We are a democracy (more technically, a republic), and as an electorate, we are not voting well. Because we are very frightened, and this is always a background in which scoundrels and psychopaths thrive.
Those overseas and overtrees who authentically admire American democracy and freedom, and the society that blossomed here, and the European and Asian and African people who immigrated to the USA and evolved to become Americans -- perrhaps the best thing our overseas admirers can do to help America in this era is to understand our fear, sympathize with it, and encourage us to come to our senses -- just as I pray the Netherlands which I so admire will quickly come to its political senses and return to its ancient traditions of racial, religious and intellectual tolerance and progressive policies.
I don't wish to suggest anything terrible, but imagine tomorrow a series of huge car bomb explosions or poison gas attacks in downtown Geneva, Zurich and Berne -- the kind we have become used to reading about in Baghdad and Beirut, Northern Ireland, Sri Lanka, Israel/Palestine, Tokyo, and now London. Then imagine the political consequences in Switzerland in the years to follow.
If you wish to try to persuade me that Switzerland would never make democratic choices as badly as America's choices, or Austria's, or Italy's, or France's, or even the Netherlands' recent political slides to the right, the xenophobic and nationalistic, and the fearful, if you truly believe Switzerland will always, under all threats, remain politically rational and wise, then please, by all means, make your case, and I will listen very well. I would like to believe such things are possible; I would like to believe in wise, cautious, measured, responsible national leadership during times of crisis and panic.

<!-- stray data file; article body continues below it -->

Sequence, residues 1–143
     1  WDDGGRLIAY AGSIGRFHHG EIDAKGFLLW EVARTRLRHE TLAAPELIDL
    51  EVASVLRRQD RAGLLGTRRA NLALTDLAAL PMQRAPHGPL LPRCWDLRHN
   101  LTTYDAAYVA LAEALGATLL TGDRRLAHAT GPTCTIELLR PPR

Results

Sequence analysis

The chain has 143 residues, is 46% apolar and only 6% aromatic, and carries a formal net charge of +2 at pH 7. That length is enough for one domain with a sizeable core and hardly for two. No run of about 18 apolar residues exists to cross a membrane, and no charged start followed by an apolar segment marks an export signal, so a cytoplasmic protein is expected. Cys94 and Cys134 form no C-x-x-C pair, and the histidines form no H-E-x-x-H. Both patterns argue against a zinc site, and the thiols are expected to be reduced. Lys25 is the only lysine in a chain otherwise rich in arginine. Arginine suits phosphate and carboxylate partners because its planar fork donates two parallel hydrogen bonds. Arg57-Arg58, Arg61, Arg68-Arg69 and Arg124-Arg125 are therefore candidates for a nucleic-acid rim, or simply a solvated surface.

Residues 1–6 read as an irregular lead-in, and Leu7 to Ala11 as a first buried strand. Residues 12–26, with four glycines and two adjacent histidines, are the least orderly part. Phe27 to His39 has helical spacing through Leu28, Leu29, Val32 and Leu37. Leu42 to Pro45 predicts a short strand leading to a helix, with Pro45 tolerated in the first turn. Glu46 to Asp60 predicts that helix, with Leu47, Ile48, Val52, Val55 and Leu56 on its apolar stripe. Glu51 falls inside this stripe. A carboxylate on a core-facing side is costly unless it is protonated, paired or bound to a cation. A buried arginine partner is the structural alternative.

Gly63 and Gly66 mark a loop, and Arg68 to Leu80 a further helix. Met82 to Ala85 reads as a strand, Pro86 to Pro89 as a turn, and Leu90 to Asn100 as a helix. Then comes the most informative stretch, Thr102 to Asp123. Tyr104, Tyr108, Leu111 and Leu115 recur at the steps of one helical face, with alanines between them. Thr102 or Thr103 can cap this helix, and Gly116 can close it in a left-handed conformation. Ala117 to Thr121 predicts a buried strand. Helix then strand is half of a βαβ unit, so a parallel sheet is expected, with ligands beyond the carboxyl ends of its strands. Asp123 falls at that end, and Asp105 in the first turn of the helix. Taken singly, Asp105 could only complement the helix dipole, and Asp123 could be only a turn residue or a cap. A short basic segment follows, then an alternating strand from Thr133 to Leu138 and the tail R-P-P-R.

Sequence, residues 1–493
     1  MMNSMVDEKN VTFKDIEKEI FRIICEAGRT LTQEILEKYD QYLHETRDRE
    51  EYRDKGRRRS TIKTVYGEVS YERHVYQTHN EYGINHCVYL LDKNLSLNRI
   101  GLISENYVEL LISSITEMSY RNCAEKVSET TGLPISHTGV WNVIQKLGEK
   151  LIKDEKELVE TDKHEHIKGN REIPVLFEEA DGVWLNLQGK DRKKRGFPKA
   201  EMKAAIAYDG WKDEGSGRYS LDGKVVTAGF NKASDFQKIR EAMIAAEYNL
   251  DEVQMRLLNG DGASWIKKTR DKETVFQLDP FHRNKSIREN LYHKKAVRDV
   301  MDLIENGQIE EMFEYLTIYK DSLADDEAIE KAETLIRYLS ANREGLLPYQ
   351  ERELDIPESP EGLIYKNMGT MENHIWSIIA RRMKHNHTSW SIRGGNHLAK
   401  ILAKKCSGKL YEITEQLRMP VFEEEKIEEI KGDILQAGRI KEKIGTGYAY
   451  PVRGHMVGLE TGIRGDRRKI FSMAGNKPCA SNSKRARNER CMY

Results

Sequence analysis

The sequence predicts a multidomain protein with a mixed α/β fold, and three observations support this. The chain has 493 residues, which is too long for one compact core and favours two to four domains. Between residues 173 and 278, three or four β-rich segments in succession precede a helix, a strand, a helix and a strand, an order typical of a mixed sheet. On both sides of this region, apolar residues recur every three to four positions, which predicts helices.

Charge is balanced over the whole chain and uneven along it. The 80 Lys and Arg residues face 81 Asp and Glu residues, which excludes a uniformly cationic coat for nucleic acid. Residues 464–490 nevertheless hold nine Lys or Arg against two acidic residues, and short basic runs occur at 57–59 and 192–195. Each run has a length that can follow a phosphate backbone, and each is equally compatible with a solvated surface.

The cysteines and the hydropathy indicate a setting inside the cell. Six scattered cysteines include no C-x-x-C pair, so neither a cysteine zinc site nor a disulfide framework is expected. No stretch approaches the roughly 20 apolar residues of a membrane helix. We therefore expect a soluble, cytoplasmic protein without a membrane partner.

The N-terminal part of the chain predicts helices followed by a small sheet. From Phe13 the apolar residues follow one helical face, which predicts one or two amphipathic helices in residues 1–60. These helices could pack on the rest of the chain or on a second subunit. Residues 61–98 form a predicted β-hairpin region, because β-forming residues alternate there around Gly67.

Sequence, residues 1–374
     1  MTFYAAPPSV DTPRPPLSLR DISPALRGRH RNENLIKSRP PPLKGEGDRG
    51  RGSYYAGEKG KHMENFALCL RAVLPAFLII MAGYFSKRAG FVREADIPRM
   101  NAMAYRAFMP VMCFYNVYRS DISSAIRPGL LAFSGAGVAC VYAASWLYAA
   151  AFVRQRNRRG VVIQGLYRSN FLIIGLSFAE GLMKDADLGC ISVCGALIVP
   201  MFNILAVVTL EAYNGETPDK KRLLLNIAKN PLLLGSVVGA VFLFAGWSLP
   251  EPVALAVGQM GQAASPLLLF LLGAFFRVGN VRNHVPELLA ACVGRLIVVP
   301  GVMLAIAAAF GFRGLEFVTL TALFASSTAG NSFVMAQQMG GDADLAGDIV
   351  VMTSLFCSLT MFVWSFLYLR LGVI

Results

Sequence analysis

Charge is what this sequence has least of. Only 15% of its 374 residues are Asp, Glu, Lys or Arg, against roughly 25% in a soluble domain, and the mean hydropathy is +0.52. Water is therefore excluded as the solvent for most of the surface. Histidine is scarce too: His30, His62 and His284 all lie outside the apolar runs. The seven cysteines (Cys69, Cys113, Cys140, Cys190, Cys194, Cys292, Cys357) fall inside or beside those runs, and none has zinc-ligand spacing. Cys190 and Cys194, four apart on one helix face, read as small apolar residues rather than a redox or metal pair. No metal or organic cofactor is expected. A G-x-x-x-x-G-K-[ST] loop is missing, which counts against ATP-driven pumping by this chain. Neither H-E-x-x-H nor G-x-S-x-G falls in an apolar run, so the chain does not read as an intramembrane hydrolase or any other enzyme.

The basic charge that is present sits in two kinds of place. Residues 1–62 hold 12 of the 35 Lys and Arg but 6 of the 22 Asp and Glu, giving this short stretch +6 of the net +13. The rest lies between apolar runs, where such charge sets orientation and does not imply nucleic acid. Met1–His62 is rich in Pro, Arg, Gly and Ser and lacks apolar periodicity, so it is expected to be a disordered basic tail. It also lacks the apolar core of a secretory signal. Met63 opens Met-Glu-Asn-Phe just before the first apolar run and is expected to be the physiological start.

But I suspect all terrified people are capable of being misled by and manipulated by fanatics, psychopaths and scoundrels. Fear of sudden death, fear of bomb attacks in subways and marketplaces and skyscrapers -- this is universal, and transcends any authentic social or cultural differences between nations.
Best I can say is: This will not be a very Proud Moment or High Mark in American history. The rest of the world will not look at this era and admire it -- the way the world admired America's walk on the Moon, or its war which ended slavery, or the war which won us our freedom, or the passage of our Constitution and Bill of Rights, or the part Americans and Canadians played in ending the fascist death grip on most of Europe in 1945.
America has had Regret Eras before -- the Vietnam War a recent one. This will be another. Most Americans will just want to forget it.
I hope most Americans will do just the opposite: Remember these times very clearly, and resolve never to repeat them.